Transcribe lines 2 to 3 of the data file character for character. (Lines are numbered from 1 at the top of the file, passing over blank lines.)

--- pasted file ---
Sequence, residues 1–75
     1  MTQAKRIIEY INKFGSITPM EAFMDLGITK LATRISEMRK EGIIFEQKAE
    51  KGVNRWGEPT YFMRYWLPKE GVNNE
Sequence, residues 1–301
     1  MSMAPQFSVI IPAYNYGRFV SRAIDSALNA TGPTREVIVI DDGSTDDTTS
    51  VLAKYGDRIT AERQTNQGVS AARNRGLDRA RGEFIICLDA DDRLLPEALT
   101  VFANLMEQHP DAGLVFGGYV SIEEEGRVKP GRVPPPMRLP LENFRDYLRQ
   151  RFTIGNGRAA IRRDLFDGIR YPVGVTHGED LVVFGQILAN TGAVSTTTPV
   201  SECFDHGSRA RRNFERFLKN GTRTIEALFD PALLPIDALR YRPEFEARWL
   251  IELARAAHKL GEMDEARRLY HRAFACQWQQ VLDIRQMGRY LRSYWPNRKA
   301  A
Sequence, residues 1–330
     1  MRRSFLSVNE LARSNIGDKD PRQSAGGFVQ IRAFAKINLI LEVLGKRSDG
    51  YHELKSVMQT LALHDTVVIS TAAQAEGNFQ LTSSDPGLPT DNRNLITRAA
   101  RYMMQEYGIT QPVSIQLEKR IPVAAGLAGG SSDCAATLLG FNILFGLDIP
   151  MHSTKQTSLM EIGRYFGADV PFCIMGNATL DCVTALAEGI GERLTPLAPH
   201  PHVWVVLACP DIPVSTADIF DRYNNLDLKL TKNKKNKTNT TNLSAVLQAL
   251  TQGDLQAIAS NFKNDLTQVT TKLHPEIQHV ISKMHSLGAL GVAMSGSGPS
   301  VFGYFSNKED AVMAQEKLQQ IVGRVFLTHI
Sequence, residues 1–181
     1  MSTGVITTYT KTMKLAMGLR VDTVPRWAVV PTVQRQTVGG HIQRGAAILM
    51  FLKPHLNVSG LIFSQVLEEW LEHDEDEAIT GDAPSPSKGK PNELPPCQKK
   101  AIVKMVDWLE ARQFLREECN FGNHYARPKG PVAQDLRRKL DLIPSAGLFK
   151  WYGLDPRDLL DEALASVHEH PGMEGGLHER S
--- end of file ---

     1  MTQAKRIIEY INKFGSITPM EAFMDLGITK LATRISEMRK EGIIFEQKAE
    51  KGVNRWGEPT YFMRYWLPKE GVNNE